Baltimore's rec center reality check

Our view: Mayor's idea to improve services at some community centers and turn others over to private groups needs some tweaking

October 13, 2011

The poor response to Baltimore's call for private groups to take over 31 of its recreation centers should prompt Mayor Stephanie Rawlings-Blake to rethink the plan she has pursued for upgrading the city's dilapidated facilities for young people. Just seven bids came in, even after the deadline was extended. Although a task force she asked to study the issue found that the status quo of 55 rec centers offering few programs in cramped, outdated facilities isn't adequately serving the city's needs, it is now evident that the group's proposed solution could also leave out many youths who desperately need the kind of opportunities a well-run rec center can provide. Finding a solution won't be easy, but proceeding with a plan that could shutter rec centers at the end of this year is the wrong answer.

The task force made a compelling case that most of the city's rec centers, which typically date to the 1960s, are far from ideal. A model rec center, they said, would be open from morning until night and on the weekends; would have professional staff on site; would offer a wide range of structured athletic and other recreation opportunities; and would have upgraded facilities including a kitchen, a gymnasium, a computer lab and multi-function space. The idea was to emphasize quality over quantity.

There's something to that. After all, youths are not well served by having a recreation center that is close to home but offers little more than a run-down shell of a building. The task force's idea is like what is commonly found in the suburbs; the model facility they call for is almost an exact description of Baltimore County's newest community center inRandallstown.

But what the quality-over-quantity idea takes insufficiently into account are the unique issues of Baltimore City that necessitated the large number of small rec centers in the first place. Mobility is a much bigger issue in the city than it is in the suburbs, and so is crime. One of the appendices in the task force's report is a map showing rates of juvenile crime and the locations of the rec centers. It makes clear that many of the centers that could potentially close are in areas that need them the most.

The task force and the Rawlings-Blake administration sought to overcome that problem (and the bad politics of closing rec centers) by seeking private groups to take over many of the facilities. There is clearly a great deal of interest among community groups in providing services for youth at community centers, but few have the wherewithal to meet the criteria of the city's request for proposals. The model the city is pursuing demands a great deal of the private operators in terms of finance and management, more than most small community groups can provide. The request for proposals called for $5 million in insurance, plus funds to pay for utilities, maintenance and staff, and it demanded that the groups be prepared to take over the centers by Nov. 14. That's a lot to ask.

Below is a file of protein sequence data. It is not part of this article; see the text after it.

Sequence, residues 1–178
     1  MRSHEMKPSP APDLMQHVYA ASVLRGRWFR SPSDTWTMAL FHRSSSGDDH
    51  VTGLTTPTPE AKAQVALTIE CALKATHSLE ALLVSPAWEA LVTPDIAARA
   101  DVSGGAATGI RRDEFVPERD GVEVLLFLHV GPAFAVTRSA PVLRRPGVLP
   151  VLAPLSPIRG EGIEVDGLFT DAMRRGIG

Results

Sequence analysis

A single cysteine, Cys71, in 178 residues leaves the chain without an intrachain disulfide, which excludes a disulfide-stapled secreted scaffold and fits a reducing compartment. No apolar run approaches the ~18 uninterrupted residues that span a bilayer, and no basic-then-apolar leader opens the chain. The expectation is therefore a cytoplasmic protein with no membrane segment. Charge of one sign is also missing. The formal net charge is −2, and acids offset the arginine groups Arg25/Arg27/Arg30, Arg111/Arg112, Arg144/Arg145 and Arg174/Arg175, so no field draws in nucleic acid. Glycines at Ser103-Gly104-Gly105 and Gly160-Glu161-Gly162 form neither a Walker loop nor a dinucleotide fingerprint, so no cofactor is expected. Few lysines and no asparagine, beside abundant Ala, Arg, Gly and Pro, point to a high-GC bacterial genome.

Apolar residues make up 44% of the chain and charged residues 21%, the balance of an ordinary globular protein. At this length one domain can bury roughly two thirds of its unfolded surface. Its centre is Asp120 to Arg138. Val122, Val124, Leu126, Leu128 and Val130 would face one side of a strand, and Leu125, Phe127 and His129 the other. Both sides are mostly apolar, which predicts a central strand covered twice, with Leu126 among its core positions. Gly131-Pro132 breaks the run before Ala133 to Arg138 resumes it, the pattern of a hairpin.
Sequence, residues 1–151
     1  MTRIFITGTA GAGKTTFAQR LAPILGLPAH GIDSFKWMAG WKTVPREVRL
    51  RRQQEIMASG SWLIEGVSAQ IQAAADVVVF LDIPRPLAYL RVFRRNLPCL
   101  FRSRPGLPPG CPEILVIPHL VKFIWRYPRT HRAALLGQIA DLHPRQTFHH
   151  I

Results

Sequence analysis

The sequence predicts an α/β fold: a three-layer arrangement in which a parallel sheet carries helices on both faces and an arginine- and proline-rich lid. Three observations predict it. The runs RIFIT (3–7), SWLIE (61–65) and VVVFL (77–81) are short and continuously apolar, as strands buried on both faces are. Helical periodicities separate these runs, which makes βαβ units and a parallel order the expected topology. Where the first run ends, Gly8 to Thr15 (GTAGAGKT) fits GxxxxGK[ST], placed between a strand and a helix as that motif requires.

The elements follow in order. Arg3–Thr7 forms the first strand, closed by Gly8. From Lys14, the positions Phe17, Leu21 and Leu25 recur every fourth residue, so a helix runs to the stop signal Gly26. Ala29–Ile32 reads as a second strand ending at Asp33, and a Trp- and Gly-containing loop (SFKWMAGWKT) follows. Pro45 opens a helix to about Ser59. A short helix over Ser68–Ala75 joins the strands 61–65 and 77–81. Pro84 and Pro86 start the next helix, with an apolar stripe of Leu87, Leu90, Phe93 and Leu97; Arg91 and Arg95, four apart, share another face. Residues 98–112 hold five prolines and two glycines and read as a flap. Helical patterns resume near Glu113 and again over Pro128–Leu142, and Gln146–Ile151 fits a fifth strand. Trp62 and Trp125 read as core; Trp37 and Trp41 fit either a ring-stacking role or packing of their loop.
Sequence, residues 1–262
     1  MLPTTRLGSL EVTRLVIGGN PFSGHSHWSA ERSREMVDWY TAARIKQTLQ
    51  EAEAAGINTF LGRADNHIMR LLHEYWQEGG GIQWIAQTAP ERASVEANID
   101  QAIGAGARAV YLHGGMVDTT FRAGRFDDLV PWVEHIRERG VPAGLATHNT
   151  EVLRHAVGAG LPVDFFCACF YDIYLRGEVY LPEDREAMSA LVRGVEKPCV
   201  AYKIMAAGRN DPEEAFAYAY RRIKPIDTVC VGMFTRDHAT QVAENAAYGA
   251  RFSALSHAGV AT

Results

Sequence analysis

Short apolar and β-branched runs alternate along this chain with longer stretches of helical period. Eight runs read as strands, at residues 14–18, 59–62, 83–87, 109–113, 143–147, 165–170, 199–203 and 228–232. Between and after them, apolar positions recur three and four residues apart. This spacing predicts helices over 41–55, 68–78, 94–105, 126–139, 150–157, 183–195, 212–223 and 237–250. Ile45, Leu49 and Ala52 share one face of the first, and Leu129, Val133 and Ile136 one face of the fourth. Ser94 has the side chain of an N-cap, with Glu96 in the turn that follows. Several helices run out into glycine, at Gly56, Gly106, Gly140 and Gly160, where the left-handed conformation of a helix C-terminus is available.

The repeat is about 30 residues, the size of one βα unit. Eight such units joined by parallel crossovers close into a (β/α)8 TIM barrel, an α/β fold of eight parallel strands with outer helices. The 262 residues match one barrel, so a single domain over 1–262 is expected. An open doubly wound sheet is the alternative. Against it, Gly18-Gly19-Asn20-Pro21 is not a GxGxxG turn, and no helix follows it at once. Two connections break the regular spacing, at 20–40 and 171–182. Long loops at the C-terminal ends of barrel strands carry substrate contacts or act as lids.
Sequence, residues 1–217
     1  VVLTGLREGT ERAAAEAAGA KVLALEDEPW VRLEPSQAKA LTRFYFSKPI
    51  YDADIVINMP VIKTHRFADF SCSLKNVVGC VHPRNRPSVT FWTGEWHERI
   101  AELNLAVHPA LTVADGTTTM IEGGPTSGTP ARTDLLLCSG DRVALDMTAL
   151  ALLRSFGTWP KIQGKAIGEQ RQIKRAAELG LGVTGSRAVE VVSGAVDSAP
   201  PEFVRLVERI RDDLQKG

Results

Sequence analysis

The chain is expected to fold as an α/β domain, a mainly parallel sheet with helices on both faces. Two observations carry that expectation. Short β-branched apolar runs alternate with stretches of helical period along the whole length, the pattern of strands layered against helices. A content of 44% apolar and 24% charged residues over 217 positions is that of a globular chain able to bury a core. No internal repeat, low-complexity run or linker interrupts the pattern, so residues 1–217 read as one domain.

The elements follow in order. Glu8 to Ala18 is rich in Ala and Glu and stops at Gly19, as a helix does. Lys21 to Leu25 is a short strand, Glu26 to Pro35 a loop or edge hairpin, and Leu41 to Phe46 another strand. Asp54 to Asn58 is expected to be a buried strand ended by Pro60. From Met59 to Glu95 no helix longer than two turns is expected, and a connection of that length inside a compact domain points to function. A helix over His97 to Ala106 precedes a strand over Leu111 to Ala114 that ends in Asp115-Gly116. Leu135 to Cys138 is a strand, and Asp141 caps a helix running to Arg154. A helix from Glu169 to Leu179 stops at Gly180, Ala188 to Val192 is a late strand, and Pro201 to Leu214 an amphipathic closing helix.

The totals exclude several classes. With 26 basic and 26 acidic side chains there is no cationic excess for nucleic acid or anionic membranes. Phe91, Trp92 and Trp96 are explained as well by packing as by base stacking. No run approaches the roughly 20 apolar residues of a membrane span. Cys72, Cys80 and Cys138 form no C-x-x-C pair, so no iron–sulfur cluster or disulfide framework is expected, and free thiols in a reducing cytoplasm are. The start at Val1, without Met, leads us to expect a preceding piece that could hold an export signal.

To its credit, the Rawlings-Blake administration has indicated a willingness to learn from the experience of this round of bidding and to pursue alternative means for keeping rec centers running. There may be few groups with the capacity to fully take over a center — it is not yet clear whether even the seven that submitted bids are fully qualified. But that doesn't mean the city couldn't look into more creative ways to handle issues like insurance or different levels of partnership that allow groups to provide services without accepting all of the administrative and financial burdens of a rec center.

In the meantime, Baltimore should not start closing rec centers. Although the issue is frequently discussed in the context of the city's budget problems, the mayor's plan has very little fiscal impact because it combines shutting some centers with improving services at others. The task force estimated it would only save $300,000 to $400,000 a year and that the money should be plowed back into improving the remaining centers. The mayor is probably right that many of Baltimore's rec centers fall far short of what they should be and don't provide nearly the kind of programs that the city's children need and deserve. But that doesn't mean they have no value at all.

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